Making a shift, I invite you to think about the story through the lens of your current awareness. What was the primary message of the story? Is this a message you currently value? What other messages are contained within the story? How does race play a role? What about gender? What does the story say about who should be attracted to whom, what a family should look like, who is valuable in a society? What does it say about class?
Did the characters in the story represent your racial group? If the characters were a member of a different racial group, would it have made a difference to the story? To your experience of the story? Why or why not?
When you think of the various messages contained in the story, are there any you would like to complicate, trouble, or otherwise challenge?
If you could return and speak to your childhood self, what would you say to your young self about how to understand the story?
As we complete this process, I invite you to take a few moments to notice how your body feels. Are there some areas where you feel tension, or where you are at ease? Is your breathing deep or shallow? Feel free to take another breath or two before opening your eyes and returning to the group.
Say to group: For the next five to eight minutes, answer the cultural mythology questions on the worksheet. Focus on the following: (Individual reflection/writing – 8 minutes)
- What was the primary message you took from the story when you were young?
- How did it feel to hear this story and receive its message? What did it mean for you?
- What additional messages does the story contain, messages you may not have noticed while you were young?
- How does this story relate to issues of privilege, whiteness, or other aspects of race?
- What does it feel like to return to this story and analyze it with a critical eye?
Say to group: At this time, let’s move into small groups of 4 or 5 to share our experiences. Use the answers you completed on the worksheet to guide the discussion. (Small group discussion – 20 minutes)
Say to group: Let’s extend our thinking to other stories we heard about our families, our community, our country’s history, or any other story that involves real people. This may not be a story we heard directly from family or friends. It could be stories told through any type of media, television, movie, magazine, etc., anything that had an influence on you as you grew up. Jot down a few examples that you recall as having shaped your worldview as a young person. Select one to use for the final writing exercise and complete the four prompts on the page. (Individual reflection/writing – 5 minutes)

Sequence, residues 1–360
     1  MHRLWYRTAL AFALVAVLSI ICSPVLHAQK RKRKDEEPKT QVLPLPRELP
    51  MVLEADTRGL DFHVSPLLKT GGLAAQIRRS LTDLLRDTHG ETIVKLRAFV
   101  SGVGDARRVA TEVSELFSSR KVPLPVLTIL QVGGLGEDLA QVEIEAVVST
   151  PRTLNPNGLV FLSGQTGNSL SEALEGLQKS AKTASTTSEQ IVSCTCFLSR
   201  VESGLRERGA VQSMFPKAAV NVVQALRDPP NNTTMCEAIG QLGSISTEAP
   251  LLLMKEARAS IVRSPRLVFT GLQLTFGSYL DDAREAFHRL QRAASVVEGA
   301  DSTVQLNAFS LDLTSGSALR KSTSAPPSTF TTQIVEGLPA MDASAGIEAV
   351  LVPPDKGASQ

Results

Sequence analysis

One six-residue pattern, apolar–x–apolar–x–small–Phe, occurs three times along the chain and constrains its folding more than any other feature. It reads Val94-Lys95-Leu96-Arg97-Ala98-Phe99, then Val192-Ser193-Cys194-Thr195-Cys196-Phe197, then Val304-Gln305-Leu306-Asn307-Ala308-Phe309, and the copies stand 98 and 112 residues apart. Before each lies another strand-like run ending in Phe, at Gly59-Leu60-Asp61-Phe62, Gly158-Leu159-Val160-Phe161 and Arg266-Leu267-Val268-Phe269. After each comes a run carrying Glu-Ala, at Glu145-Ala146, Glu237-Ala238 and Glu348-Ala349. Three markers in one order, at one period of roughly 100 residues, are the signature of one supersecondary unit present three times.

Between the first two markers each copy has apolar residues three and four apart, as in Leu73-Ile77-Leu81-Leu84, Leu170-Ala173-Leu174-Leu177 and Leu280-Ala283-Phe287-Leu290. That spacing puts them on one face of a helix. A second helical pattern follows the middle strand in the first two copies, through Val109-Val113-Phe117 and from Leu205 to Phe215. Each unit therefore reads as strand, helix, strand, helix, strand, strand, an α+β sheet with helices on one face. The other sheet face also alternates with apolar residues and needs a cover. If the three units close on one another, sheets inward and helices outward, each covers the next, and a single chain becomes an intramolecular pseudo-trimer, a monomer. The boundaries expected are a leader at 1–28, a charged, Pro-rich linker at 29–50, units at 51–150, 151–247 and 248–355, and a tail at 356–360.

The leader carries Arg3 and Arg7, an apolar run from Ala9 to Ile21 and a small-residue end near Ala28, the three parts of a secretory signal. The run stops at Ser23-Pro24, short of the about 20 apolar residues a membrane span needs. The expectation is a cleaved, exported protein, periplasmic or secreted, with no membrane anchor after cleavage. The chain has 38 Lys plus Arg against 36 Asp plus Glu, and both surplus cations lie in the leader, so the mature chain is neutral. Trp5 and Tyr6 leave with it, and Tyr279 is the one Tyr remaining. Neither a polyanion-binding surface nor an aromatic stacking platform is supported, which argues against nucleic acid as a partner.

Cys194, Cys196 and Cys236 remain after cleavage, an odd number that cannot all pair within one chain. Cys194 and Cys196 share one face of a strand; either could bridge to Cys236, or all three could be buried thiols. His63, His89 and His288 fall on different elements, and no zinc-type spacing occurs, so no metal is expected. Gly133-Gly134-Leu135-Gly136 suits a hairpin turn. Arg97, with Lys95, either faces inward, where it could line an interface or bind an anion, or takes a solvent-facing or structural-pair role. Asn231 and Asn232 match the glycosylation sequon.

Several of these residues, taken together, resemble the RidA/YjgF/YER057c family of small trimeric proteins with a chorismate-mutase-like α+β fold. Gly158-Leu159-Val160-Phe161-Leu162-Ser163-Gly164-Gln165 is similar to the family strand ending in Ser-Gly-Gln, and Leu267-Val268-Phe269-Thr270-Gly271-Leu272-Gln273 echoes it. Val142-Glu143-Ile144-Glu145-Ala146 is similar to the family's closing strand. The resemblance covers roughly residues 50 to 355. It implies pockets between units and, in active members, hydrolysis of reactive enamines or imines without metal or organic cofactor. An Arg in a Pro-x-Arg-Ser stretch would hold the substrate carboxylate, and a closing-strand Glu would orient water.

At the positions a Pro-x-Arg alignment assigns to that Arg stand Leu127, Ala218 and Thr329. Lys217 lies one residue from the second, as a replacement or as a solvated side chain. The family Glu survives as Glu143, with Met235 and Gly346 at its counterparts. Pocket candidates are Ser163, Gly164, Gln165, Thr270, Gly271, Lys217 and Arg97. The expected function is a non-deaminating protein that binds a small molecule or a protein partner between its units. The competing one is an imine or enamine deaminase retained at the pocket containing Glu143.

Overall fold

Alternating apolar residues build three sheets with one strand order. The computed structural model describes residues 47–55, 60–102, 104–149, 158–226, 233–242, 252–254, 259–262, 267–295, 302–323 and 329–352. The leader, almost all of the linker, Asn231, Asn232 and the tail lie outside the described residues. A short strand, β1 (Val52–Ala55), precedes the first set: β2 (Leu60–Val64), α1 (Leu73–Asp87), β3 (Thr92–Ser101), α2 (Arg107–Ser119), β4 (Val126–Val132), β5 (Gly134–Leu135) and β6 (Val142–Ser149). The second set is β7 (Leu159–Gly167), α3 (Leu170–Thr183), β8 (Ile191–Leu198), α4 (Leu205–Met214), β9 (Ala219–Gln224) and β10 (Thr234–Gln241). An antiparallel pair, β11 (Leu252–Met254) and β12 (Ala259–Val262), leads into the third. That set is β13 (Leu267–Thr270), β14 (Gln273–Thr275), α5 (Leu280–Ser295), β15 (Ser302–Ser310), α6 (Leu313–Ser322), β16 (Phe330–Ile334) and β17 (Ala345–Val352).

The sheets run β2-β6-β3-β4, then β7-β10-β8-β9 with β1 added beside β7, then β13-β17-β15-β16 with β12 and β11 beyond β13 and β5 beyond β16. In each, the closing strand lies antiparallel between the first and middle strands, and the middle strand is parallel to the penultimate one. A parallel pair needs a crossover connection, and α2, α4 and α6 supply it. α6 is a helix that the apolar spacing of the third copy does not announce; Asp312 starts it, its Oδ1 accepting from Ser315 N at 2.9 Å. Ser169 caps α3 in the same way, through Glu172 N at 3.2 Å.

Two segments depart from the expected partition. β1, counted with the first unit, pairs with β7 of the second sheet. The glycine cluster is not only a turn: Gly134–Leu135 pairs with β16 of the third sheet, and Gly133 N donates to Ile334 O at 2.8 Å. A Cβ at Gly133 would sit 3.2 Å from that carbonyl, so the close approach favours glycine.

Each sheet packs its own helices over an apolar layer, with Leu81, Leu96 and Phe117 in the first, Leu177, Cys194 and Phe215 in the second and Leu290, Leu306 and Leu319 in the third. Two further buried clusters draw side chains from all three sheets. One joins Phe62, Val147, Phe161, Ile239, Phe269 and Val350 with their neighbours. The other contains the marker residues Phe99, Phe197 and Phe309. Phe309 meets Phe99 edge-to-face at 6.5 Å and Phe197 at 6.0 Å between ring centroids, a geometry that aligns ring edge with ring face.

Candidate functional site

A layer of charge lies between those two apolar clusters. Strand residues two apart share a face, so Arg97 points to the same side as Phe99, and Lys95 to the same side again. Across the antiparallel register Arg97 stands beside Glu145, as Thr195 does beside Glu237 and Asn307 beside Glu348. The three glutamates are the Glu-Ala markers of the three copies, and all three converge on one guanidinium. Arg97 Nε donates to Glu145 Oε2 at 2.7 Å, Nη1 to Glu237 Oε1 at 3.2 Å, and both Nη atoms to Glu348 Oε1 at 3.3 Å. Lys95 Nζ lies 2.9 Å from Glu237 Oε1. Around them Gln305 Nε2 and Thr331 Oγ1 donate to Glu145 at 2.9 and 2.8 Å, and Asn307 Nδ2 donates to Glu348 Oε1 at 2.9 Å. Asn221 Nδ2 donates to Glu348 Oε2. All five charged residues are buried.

A story I heard when growing up was…
- When I first learned about this story, I felt…
- It taught me….
- At some point later, I found out…
- Now, I feel….
Facilitator’s Note: After people finish writing, invite each person to take a turn reading the answers to the prompts aloud. The participants all remain silent while all answers are read in full. Participants can say “pass” if they don’t want to share. (Large group share – 10 minutes – depending on group size)
Large group discussion: (20 minutes)
- What can we learn about our racial group experiences by reviewing our familial and cultural stories?
- How did stories we grew up with include characters portrayed as exhibiting racialized or stereotypical behaviors?
- How have the racialized behaviors or racial composition of story characters shaped our worldview?
- What can we do to expand and challenge our worldview? (Distribute the Expanding our Worldview resource handout if desired.)
Wrap up: People tend to develop a set of assumptions about the world (and how it should work) through ingrained messages received during our formative years. Without consciously analyzing the resulting beliefs and values, they remain locked in the psyche as expected norms. A significant problem is that far too often, they are based on white cultural norms. For this reason, reconsideration of our basic ideas about our family, community, and country’s histories is necessary.